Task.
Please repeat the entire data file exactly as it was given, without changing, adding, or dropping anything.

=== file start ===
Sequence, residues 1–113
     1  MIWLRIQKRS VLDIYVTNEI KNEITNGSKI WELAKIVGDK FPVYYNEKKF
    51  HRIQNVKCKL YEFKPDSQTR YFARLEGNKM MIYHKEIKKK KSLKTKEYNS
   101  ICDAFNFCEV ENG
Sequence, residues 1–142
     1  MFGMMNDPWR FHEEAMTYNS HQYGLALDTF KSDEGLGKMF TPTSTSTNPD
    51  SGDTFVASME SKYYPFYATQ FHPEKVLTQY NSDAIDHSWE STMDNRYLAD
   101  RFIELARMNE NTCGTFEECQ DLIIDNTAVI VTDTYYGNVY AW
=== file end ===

Sequence, residues 1–113
     1  MIWLRIQKRS VLDIYVTNEI KNEITNGSKI WELAKIVGDK FPVYYNEKKF
    51  HRIQNVKCKL YEFKPDSQTR YFARLEGNKM MIYHKEIKKK KSLKTKEYNS
   101  ICDAFNFCEV ENG
Sequence, residues 1–142
     1  MFGMMNDPWR FHEEAMTYNS HQYGLALDTF KSDEGLGKMF TPTSTSTNPD
    51  SGDTFVASME SKYYPFYATQ FHPEKVLTQY NSDAIDHSWE STMDNRYLAD
   101  RFIELARMNE NTCGTFEECQ DLIIDNTAVI VTDTYYGNVY AW